Run-on Sentence Summary
The book behind the ancient Chinese philosophy of Taoism, which preaches humility and simplicity.
Boy, I could write a whole separate blog post about this, but lets be honest I’m not going to do that. The Tao Te Ching, pronounced closer to “Dao De Jing,” is a short spiritual book written by Lao Tzu in ancient China some 2500 years ago. Strangely, it was written nearly contemporaneously with the teachings of the Buddha, and scholars from different cultures get to compete over which one is older. Lao Tzu was not a prophet, but simply a practitioner of the by then already ancient Chinese philosophy of Taoism, which dates back over 4700 years.
The name can be approximately translated to mean “Book of the Tao and Virtue,” which I’ll talk about separately. The Tao, as described, is a wide term which encompasses everything in the universe, and can vaguely be thought of as the natural order of things. It is variously described as an empty vessel, as water, and many other analogies.
Lin explains, "Those who have achieved a higher level of understanding will resonate powerfully with the Tao when they encounter it. Those who are not quite there yet may not feel anything.” Yeah, I unfortunately fall into that later category. The concept of the tao did not resonate that deeply with me, and felt hard to pull apart from any other form of mysticism (a term which itself means almost nothing.)
The other side of the philosophy, speaking of virtue, did resonate with me deeply. Taoism’s moral code preaches humility, equanimity, selflessness, simplicity and tranquility. As a westerner, the ideals helped me better understand China’s collectivist culture, which feels so fundamentally different from my individualistic cultural heritage.
The most challenging idea in the book was the assertion knowledge isn’t a good thing. As a dude trying to read 100 books, this one piqued my interest. The argument is that knowledge leads to arrogance and desire, which leads to anxiety and misery. Growing up indoctrinated that knowledge is power, this is a bitter pill to swallow. Even more challenging is the wider notion that one should seek to live meekly, in humble obscurity.
When you really think about it, why is it accepted as a de facto ideal in the west that one should grow up to “change the world,” whatever that means? As a westerner, and especially as an American, individualism and idealizing “progress” is in my blood. Even worse, I am a technologist. I am frankly ignorant of the spiritual component of other vocations, e.g. accountants or whatever, but I have a notion that people in technology and entrepreneurship generally have a spiritual bent to their work. Silicon Valley, the HBO show, lampoons startups for all talking about how they are going to “make the world a better place” through more marketing software.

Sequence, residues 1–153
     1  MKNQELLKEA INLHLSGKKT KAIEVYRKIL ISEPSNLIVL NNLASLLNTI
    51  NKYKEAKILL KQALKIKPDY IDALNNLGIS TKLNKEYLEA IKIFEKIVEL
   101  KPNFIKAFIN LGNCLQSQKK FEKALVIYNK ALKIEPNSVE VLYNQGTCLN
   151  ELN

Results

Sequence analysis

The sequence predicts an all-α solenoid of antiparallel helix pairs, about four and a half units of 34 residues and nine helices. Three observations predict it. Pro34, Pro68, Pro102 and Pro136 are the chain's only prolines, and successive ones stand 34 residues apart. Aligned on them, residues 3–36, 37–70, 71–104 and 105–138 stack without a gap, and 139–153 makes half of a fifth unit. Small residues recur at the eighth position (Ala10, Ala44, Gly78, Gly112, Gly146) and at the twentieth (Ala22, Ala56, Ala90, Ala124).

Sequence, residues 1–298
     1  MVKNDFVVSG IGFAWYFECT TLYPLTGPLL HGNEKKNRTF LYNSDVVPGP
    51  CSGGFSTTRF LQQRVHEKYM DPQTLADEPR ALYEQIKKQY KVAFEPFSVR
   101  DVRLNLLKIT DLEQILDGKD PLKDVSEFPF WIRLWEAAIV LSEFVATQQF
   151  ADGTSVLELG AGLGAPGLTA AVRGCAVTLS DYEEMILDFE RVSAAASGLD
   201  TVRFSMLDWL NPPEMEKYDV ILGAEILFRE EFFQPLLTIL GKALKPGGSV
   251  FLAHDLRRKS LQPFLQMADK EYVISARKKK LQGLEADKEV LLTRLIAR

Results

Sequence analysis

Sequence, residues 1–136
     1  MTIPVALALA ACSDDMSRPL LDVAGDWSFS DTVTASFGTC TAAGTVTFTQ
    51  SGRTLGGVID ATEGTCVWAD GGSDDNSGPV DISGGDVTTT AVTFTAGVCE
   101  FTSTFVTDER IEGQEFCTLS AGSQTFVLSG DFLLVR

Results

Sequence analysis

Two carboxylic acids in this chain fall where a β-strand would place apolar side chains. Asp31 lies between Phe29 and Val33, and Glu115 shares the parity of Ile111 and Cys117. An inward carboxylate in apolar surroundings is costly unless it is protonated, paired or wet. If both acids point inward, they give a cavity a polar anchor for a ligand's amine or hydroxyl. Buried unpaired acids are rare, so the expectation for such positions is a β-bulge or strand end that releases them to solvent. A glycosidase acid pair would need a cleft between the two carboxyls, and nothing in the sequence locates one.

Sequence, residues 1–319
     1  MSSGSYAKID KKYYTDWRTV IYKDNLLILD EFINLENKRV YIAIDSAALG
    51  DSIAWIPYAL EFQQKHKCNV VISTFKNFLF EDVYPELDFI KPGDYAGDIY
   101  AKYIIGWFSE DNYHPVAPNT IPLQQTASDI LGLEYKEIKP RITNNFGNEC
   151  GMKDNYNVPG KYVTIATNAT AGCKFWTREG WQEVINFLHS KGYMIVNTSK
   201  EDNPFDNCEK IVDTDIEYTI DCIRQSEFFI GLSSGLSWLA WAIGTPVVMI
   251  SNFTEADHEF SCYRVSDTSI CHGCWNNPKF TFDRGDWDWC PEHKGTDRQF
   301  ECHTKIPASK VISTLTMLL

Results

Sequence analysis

Our society looks through a narrow lens when we assume, as most people do to some extent, that progress and technological change inevitably push us up and forward. The podcast “hardcore history” evokes some amazing imagery describing Alexander the Great, while preparing for his first great battle as he set out to conquer the Persian empire. His army was camped next to the ruins of a great Assyrian city, and Dan Carlin passionately wonders how it must have felt to one of the soldiers, preparing to wage war against the greatest empire in the world, standing in the mysterious ruins of a city that came from an unknown civilization far beyond anything that Greece or even the Persians would ever achieve.
“Progress” clearly can go either direction, but our society is conditioned by 500 years of continuous uninterrupted and unprecedented growth since the beginning of the scientific revolution. I truly believe that by any kind of measurable, now in 2016 is the best time to be alive that there has ever been. But speaking of anxiety, any person can name dozens of ways that humans can and will bring about our own demise due to our ignorance and foolish wielding of our new power, from nukes to climate change to fucking terminators or whatever. That isn’t something that ancient greeks had to deal with!
I digress, but this book has given me a lot to chew on. Westerners preach humility too but not genuinely in my experience, so trying to live by some of the ideals in this book will hopefully make me a better person. Derek Lin’s translation and interpretation are highly acclaimed, even though at times to me they felt like platitudes. Perhaps this is the world’s earliest recorded instance of the Seinfeld effect. This was the first spiritual text I’ve read since a brief stint with Methodist bible study as a kid, so it was interesting to look at such an important book in this way again. For any extreme nerds, there is a new podcast that examines Harry Potter as if it was a religious text. Yeah I’m serious. Go check it out.
Its too bad that Tai Chi is exclusively for old people, it looks kind of fun.
“Given enough time, all problems great and small will be resolved one way or another, like the unraveling of even the tightest knots. Given enough time, even the proudest achievements of humankind will be reduced to dust.”